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Search tags: native-peoples
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review 2017-01-18 20:35
Ghosts - Raina Telgemeier
Ghosts - Raina Telgemeier,Raina Telgemeier

Moving is hard. Having a family member disabled by illness is hard. Middle school is the worst. Old California rubs up against the new, and rubs our protagonist the wrong way. I like how the lost language, food, and culture of second generation immigrants are being brought back into the life of the next generation, who doesn't have to prove their assimilation. And I love ghosts and the day of the dead, so it's all good.

Library copy

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review 2016-12-09 19:01
Rejected Princesses: Tales of History's Boldest Heroines, Hellions, and Heretics - Jason Porath Short form: this book is awesome and every home and classroom should have a copy. Long form: This was a whim. I just picked it up because it had a fun cover and title, but once I started reading it I couldn’t bear to put it down. The introduction is amusing, the art is spot on, and the stories are delightful. Well, many of them have violence and heinous cruelty, or just plain gore, but Porath forewarns the reader with some very specific codes. And when he’s writing about the evil that is lynching he doesn’t shrink from sharing the horror. But also, whenever there is a specific named villain in the piece, he comes up with some amusing expletives. Somehow he manages to hit a sweet spot between maintaining a light tone and historical accuracy, and he manages to do it in both the text and the art. Even when he gives these women enormous Disney eyes he makes sure to get the period details right: you know he isn’t mocking these women, he’s taking them seriously but not striving for an imagined objectivity. And then there are art notes on many of the illustrations, which explain details one might miss and their significance. Dude has found his calling and I hope he sells beaucoup books and can continue to devote his time and energy to the project. I love this like I haven’t loved any history since Lies My Teacher Told Me. It only just hit me that the reason I loved this book so much was that I really needed to read about kick-ass women who got shit done and had fun and/or really improved their world. Library copy
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text 2016-11-21 17:32
Rejected Princesses: Tales of History's Boldest Heroines, Hellions, and Heretics - Jason Porath
Rejected Princesses: Tales of History's Boldest Heroines, Hellions, and Heretics - Jason Porath

Short form: this book is awesome and every home and classroom should have a copy.    

Long form: This was a whim. I just picked it up because it had a fun cover and title, but once I started reading it I couldn’t bear to put it down. The introduction is amusing, the art is spot on, and the stories are delightful. Well, many of them have violence and heinous cruelty, or just plain gore, but Porath forewarns the reader with some very specific codes. And when he’s writing about the evil that is lynching he doesn’t shrink from sharing the horror. But also, whenever there is a specific named villain in the piece, he comes up with some amusing expletives. Somehow he manages to hit a sweet spot between maintaining a light tone and historical accuracy, and he manages to do it in both the text and the art. Even when he gives these women enormous Disney eyes he makes sure to get the period details right: you know he isn’t mocking these women, he’s taking them seriously but not striving for an imagined objectivity. And then there are art notes on many of the illustrations, which explain details one might miss and their significance. Dude has found his calling and I hope he sells beaucoup books and can continue to devote his time and energy to the project. I love this like I haven’t loved any history since <i>Lies My Teacher Told Me</i>.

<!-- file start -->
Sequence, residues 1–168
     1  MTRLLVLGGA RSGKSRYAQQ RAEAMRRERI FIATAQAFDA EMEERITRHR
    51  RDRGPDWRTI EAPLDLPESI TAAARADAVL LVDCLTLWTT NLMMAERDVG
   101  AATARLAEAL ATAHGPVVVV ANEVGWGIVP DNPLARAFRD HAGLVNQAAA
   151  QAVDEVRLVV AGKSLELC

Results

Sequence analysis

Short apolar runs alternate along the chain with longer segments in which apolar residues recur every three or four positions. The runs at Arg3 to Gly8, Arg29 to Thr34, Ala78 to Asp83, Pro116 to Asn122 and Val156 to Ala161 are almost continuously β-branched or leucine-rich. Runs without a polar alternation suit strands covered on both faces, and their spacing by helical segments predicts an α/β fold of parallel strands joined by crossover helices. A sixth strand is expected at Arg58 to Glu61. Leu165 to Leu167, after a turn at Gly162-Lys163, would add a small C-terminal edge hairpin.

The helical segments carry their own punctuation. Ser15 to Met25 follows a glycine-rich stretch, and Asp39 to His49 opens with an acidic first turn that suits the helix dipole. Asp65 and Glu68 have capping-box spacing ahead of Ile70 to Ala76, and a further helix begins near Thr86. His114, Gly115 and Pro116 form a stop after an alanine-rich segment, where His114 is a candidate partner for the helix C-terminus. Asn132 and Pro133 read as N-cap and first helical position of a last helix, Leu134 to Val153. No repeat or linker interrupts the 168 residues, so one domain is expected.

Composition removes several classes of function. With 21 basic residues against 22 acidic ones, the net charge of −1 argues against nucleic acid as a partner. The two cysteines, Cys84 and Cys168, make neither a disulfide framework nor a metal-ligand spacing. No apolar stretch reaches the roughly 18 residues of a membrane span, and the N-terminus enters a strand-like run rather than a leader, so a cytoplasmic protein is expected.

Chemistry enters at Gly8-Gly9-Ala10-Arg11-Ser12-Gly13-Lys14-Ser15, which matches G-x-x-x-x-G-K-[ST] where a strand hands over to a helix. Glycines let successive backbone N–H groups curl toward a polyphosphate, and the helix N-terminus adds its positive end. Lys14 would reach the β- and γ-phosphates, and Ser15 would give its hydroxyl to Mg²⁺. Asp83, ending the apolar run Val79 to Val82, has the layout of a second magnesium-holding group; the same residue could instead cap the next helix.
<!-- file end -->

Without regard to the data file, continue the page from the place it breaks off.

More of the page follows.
It only just hit me that the reason I loved this book so much was that I really needed to read about kick-ass women who got shit done and had fun and/or really improved their world.

Library copy

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review 2016-11-16 17:05
Trail of the Dead (Killer of Enemies) - Joseph Bruchac
Trail of the Dead (Killer of Enemies) - Joseph Bruchac
  1. Lozen’s world isn’t one most of us would care to live in; it’s brutally hierarchical with no chance to change castes, it’s short of food, chock full of really dangerous critters, and there are overlords who inexplicable and not entirely human anymore, and they have lots of henchmen to carry out violent plans. Despite all that it manages to be hopeful.

 

And shall I add how refreshing it is to have a female character menaced in ways that do not include sexual assault? Makes a change. The more Bruchac I read, the more I love him.

 

Library copy

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review 2016-11-16 15:36
Killer of Enemies - Joseph Bruchac
Killer of Enemies - Joseph Bruchac
  1. Post-apocalyptic monster-killing as performed by Apache hunter, Lozen. It seems like such a straight-forward set-up, but nothing is as obvious as that. Bruchac puts lots of twists in the spaghetti and he takes time to raise many ethical and even philosophical questions. Full of adventure, but also, a bit thinky. And there’s a sequel.Special nods for character diversity, by a compelling Native writer. so far I've loved all of his books I've read. Thank you Debbie Reese for bringing him to my attention.
  2. Library copy.
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